Here's where Tesla and other EVs ranked in this year's Consumer Reports reliability survey
- Electric vehicles made up a larger part of the Consumer Reports Auto Reliability Report than ever before in 2021.
- Complex bells and whistles hurt the reliability ratings of some electric vehicles.
- Tesla came in second-to-last overall, with the Model S, X and Y all reporting problems, but Consumer Reports put the Model 3 in the middle of the pack and still recommends it.
Lexus was rated the most reliable automaker in Consumer Reports' 2021 Auto Reliability Report, followed by Mazda and Toyota, while Jeep, Tesla, and Lincoln were at the bottom of the list.
The report, which was released Thursday, focuses on what went wrong with owners' cars in the last 12 months, and uses that data to predict how reliable the forthcoming models from major automakers will be.
Consumer Reports surveyed owners of more than 300,000 vehicles from model years 2000 to 2021, and used that data to make predictions about 269 different 2022 model year vehicles. The report encompasses 28 automakers and 144 models with an established history.
Battery-powered electric vehicles comprised a bigger segment of the list this year than ever before, and their reliability ratings varied widely, while gas-electric hybrids were among the most reliable vehicles overall.
Consumer Reports rated 11 fully electric models from 8 different brands, including 5 fully electric SUVs, according to Jake Fisher, senior director of auto testing at Consumer Reports.
"The whole market is going towards a full EV fleet. We're very interested to see what this means in terms of reliability," Fisher said.
Overall, Toyota's luxury Lexus brand reclaimed its top spot in the reliability survey after Mazda overtook it a year ago, marking the first time in 15 years that a Toyota brand had not been number one.
Mazda ranked second in this year's survey, followed by the main Toyota brand.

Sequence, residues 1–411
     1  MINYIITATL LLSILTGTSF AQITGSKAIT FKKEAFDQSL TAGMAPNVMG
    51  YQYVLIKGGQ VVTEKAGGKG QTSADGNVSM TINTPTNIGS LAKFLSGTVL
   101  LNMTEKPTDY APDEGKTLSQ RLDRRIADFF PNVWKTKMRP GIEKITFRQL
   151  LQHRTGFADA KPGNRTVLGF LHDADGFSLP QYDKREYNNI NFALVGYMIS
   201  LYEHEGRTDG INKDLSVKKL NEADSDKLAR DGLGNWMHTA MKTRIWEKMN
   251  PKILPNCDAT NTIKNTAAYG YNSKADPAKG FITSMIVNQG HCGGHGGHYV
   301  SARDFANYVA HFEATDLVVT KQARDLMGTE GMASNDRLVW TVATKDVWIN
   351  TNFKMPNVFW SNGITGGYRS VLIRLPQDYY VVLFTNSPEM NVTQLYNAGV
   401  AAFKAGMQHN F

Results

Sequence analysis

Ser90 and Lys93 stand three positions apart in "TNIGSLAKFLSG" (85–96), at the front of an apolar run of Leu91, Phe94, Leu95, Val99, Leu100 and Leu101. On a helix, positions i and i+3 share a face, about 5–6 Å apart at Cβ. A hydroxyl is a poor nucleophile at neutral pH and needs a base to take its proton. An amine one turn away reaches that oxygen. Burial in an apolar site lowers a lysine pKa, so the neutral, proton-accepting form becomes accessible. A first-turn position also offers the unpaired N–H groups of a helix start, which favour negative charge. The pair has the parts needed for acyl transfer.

Domestic brands such as Chrysler, Chevrolet and Ford had average reliability, while others such as Ram, GMC and Jeep were below average. Ford's luxury Lincoln brand ranked last at 28th, behind Tesla.
Reliability ratings for EVs varied widely.
The Tesla Model X and Audi E-tron ranked dead last in this segment for reliability, while the Kia Niro EV ranked "well above average reliability." The Nissan Leaf and newer Ford Mustang Mach-E scored "above average reliability."
High-end electric SUVs were among the least reliable vehicles in the survey overall.
"There's no reason fully electric cars can't be as reliable or even more reliable than traditional vehicles with internal combustion engines." Fisher said. "It's how they implement the technology."
Electric drivetrains weren't the problem. Instead, Fisher blamed unnecessary high-tech bells and whistles.
"For EV introductions, there is a tendency to just add so much tech that is not necessary," Fisher said.
The reliability rankings stand in stark contrast with Consumer Reports' satisfaction survey, where Tesla topped the 2020 list, followed by Lincoln. Tesla's success with customers has put pressure on other automakers to surprise and delight consumers with features from the entertaining to the serious, Fisher suggested. Elon Musk's electric car company pioneered over-the-air software updates that can give owners' cars new navigation features like "waypoints," or deliver a recall fix without a dealership visit.
But introducing more software, hardware and features adds complexity, and that can hurt reliability, Fisher said.
Tesla's low standing primarily stemmed from issues with the company's Model S, X and Y vehicles from 2019 through 2021 model years. The Tesla Model 3, which Consumer Reports continues to recommend, showed average reliability.
Commonly reported issues from Model Y owners included defective sensors that had to be replaced, problems with heat pumps, air conditioning, body panels that didn't line up and water leaks in the trunk due to missing seals, according to Fisher. Owners also reported a variety of electrical and hardware issues with the higher-priced (and less-popular) Model S sedan and Model X falcon-wing SUV.
Older models typically fare better in reliability, as companies tend to make tweaks and redesigns to solve known problems, while sticking with the same parts and suppliers.
But Tesla deviates from this approach, Fisher explained. "At almost random times during the year Tesla will switch major components, suppliers or sensors and other units. The more you change, the greater the chances you're going to have some problems."
While electric vehicles showed middling reliability, hybrid and plug-in hybrid electric vehicles, which blend electric vehicle components and traditional internal combustion engines, were among the most reliable models.
"What stood out is that the most reliable was actually compact hybrids and plug-in hybrids," Fisher said. "This may be counterintuitive. They are probably the most complex when it comes to the powertrain."
Popular hybrids like the Toyota Prius and Honda Insight have been on the market for several years and manufacturers have identified and solved previous reliability issues.
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